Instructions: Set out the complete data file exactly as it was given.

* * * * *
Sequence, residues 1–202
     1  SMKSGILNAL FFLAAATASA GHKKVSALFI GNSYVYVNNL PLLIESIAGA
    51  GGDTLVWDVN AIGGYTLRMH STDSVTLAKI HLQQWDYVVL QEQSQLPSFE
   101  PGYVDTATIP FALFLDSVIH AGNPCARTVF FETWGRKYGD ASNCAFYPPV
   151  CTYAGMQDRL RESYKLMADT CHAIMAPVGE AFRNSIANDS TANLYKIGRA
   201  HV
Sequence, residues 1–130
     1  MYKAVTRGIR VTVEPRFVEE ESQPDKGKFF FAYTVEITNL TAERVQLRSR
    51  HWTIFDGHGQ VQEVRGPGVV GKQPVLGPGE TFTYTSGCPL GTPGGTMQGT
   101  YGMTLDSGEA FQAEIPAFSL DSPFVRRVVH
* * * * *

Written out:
Sequence, residues 1–202
     1  SMKSGILNAL FFLAAATASA GHKKVSALFI GNSYVYVNNL PLLIESIAGA
    51  GGDTLVWDVN AIGGYTLRMH STDSVTLAKI HLQQWDYVVL QEQSQLPSFE
   101  PGYVDTATIP FALFLDSVIH AGNPCARTVF FETWGRKYGD ASNCAFYPPV
   151  CTYAGMQDRL RESYKLMADT CHAIMAPVGE AFRNSIANDS TANLYKIGRA
   201  HV
Sequence, residues 1–130
     1  MYKAVTRGIR VTVEPRFVEE ESQPDKGKFF FAYTVEITNL TAERVQLRSR
    51  HWTIFDGHGQ VQEVRGPGVV GKQPVLGPGE TFTYTSGCPL GTPGGTMQGT
   101  YGMTLDSGEA FQAEIPAFSL DSPFVRRVVH